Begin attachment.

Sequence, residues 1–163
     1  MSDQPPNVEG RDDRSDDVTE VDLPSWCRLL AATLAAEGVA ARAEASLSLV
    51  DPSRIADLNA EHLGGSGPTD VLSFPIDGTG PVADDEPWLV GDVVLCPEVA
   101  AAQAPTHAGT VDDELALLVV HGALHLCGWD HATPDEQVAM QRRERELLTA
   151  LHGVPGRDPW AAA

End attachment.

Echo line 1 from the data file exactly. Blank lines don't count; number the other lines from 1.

Sequence, residues 1–163